Whether it involves choice or price, freedom isn't free.
This is especially true in the realm of computer software licensing, where the question isn't if one has to pay for program use and development but rather how, to whom and when.
And nowhere is this more apparent than in the case of Microsoft's ongoing interoperability efforts as they relate to Linux platforms and the debate -- open source vs. proprietary software -- those endeavors have unleashed.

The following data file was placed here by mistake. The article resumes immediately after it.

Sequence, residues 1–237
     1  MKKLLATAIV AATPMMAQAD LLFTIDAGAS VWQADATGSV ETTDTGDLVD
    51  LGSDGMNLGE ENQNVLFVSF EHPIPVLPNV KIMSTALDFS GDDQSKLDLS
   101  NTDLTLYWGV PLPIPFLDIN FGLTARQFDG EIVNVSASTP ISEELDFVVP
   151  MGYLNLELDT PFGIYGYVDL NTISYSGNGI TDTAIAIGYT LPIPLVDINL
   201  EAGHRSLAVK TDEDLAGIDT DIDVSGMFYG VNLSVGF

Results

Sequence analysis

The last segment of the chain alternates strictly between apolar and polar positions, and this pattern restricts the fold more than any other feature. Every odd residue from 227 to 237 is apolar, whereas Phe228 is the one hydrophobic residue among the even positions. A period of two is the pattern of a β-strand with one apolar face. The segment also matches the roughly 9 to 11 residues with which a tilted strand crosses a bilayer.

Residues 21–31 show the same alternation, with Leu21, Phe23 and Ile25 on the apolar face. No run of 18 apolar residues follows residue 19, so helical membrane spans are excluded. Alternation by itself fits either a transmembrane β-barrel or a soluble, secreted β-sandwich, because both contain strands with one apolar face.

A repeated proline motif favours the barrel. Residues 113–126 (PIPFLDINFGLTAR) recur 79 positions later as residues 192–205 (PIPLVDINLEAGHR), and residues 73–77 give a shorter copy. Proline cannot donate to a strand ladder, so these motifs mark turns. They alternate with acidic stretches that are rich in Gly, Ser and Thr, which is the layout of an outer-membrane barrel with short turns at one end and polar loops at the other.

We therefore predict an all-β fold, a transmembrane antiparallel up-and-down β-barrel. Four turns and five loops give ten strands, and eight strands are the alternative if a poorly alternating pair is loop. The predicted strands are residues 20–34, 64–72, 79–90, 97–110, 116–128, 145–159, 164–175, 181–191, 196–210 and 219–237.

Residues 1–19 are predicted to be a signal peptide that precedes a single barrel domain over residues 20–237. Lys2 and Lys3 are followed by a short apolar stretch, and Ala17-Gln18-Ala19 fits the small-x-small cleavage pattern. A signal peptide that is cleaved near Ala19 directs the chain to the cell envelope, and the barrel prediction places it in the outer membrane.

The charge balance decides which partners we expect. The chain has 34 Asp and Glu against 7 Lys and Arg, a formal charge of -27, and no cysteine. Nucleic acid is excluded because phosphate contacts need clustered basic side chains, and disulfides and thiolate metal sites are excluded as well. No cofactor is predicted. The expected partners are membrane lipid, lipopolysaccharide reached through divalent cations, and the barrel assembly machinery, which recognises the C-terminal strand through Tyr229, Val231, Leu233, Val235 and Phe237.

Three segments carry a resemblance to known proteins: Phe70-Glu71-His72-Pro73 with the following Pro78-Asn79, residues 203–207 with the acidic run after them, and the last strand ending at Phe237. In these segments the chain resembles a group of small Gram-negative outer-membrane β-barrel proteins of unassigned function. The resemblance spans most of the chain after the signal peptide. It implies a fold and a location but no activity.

At the center of the current controversy is Microsoft's technical collaboration and patent agreements with Novell, Linspire, Xandros and other companies that use Linux technologies. The deals essentially protect users of those versions of Linux against any patent infringement lawsuits Microsoft might file.